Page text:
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Fission yeast myosin-I, Myo1p, stimulates actin assembly by Arp2/3 complex and shares functions with WASp.

Lee WL, Bezanilla M, Pollard TD - J. Cell Biol. (2000)

Bottom Line: Fission yeast myo1(+) encodes a myosin-I with all three tail homology domains (TH1, 2, 3) found in typical long-tailed myosin-Is.Additional tail domains, TH2 and TH3, are required to complement the double mutant.Fourth, we show that a recombinant Myo1p tail binds to Arp2/3 complex and activates its actin nucleation activity.

View Article: PubMed Central - PubMed

Affiliation: Graduate Program in Biochemistry, Cellular and Molecular Biology, Johns Hopkins University School of Medicine, Baltimore, Maryland 21205, USA.

ABSTRACT
Fission yeast myo1(+) encodes a myosin-I with all three tail homology domains (TH1, 2, 3) found in typical long-tailed myosin-Is. Myo1p tail also contains a COOH-terminal acidic region similar to the A-domain of WASp/Scar proteins and other fungal myosin-Is. Our analysis shows that Myo1p and Wsp1p, the fission yeast WASp-like protein, share functions and cooperate in controlling actin assembly. First, Myo1p localizes to cortical patches enriched at tips of growing cells and at sites of cell division. Myo1p patches partially colocalize with actin patches and are dependent on an intact actin cytoskeleton. Second, although deletion of myo1(+) is not lethal, Deltamyo1 cells have actin cytoskeletal defects, including loss of polarized cell growth, delocalized actin patches, and mating defects. Third, additional disruption of wsp1(+) is synthetically lethal, suggesting that these genes may share functions. In mapping the domains of Myo1p tail that share function with Wsp1p, we discovered that a Myo1p construct with just the head and TH1 domains is sufficient for cortical localization and to rescue all Deltamyo1 defects. However, it fails to rescue the Deltamyo1 Deltawsp1 lethality. Additional tail domains, TH2 and TH3, are required to complement the double mutant. Fourth, we show that a recombinant Myo1p tail binds to Arp2/3 complex and activates its actin nucleation activity.

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Targeted disruption of wsp1+. (A) Scale drawing of the wsp1+ locus showing exons (box) and introns (line). Sequences coding for various domains are filled with different shades. Black vertical bars within exon 2 indicate strings of six to seven proline residues. wsp1+ was disrupted in a leu1− diploid by replacing a BglII–BglII fragment with an oppositely oriented leu1+ gene. Agarose gel of PCR amplification from the disrupted locus of viable Leu+ haploid is shown. (B) Viable Leu+ haploids were transformed with plasmids and streaked on EMM-Leu ± 1 M KCl at 32°C. Δwsp1 cells formed no colonies on 1 M KCl when transformed with an empty vector (pUR19), but were able to grow when transformed with a wsp1+ genomic clone (pUR-wsp1). (C) Wild-type and Δwsp1 cells grown to log phase in EMM-Leu at 32°C were stained with rhodamine-phalloidin and calcofluor. Scale bars, 10 μm.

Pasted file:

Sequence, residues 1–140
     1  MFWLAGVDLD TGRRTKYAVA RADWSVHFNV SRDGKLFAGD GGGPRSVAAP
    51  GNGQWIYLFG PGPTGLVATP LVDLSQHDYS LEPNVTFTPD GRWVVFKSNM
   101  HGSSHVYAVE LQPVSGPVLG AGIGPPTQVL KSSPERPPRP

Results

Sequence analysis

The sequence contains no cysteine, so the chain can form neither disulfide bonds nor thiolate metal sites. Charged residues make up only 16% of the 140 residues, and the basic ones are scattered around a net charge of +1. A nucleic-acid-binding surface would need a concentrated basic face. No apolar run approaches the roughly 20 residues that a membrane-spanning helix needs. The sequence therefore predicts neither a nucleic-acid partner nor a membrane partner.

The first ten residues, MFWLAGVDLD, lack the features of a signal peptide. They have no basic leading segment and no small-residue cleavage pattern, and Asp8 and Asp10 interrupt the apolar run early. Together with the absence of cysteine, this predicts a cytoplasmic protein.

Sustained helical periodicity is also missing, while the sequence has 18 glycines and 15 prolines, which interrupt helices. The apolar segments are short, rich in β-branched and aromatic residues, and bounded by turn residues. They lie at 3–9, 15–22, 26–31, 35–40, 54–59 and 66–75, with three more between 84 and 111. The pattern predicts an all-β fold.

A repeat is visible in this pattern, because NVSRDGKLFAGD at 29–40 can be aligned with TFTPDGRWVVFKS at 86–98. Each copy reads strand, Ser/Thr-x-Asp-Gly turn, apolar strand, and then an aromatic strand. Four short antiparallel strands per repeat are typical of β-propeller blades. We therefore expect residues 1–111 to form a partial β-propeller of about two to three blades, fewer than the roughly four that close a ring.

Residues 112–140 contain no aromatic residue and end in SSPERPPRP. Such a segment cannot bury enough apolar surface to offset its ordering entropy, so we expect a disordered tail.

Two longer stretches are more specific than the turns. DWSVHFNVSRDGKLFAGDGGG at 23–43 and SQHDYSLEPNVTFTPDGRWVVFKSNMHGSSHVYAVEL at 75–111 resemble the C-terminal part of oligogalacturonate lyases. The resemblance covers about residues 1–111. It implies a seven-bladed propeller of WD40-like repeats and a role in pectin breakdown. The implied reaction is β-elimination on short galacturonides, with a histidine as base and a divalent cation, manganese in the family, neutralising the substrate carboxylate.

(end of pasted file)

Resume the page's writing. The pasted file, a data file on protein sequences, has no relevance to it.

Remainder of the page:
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Figure 6: Targeted disruption of wsp1+. (A) Scale drawing of the wsp1+ locus showing exons (box) and introns (line). Sequences coding for various domains are filled with different shades. Black vertical bars within exon 2 indicate strings of six to seven proline residues. wsp1+ was disrupted in a leu1− diploid by replacing a BglII–BglII fragment with an oppositely oriented leu1+ gene. Agarose gel of PCR amplification from the disrupted locus of viable Leu+ haploid is shown. (B) Viable Leu+ haploids were transformed with plasmids and streaked on EMM-Leu ± 1 M KCl at 32°C. Δwsp1 cells formed no colonies on 1 M KCl when transformed with an empty vector (pUR19), but were able to grow when transformed with a wsp1+ genomic clone (pUR-wsp1). (C) Wild-type and Δwsp1 cells grown to log phase in EMM-Leu at 32°C were stained with rhodamine-phalloidin and calcofluor. Scale bars, 10 μm.

Mentions: We made a wsp1+ disruption strain (Δwsp1), which would produce a COOH-terminally truncated Wsp1p protein (Fig. 6 A). Tetrad dissection of individual asci and random spore analysis of a Δwsp1/wsp1+ diploid revealed that COOH-terminal truncation of Wsp1p is not lethal. Amplification with specific primers from the genomic locus verified that wsp1+ was disrupted in Leu+ haploids (Fig. 6 A). Δwsp1 cells formed smaller colonies than wild-type in selective EMM, were sensitive to 1 M KCl (Fig. 6 B) and mated inefficiently. A genomic clone of wsp1+ (pUR19-wsp1) fully complemented the salt phenotype and mating defects. Like Δmyo1 cells, Δwsp1 cells had depolarized actin patches and morphological defects (Fig. 6 C). Disruption of wsp1+ did not cause faulty targeting of septal material, but mid-log Δwsp1 cells grown at 32°C did have more uniseptated cells than wild-type (Table II; Fig. 6 C). The lack of aberrant septal targeting suggests that, unlike Myo1p, Wsp1p is not involved in proper septal deposition.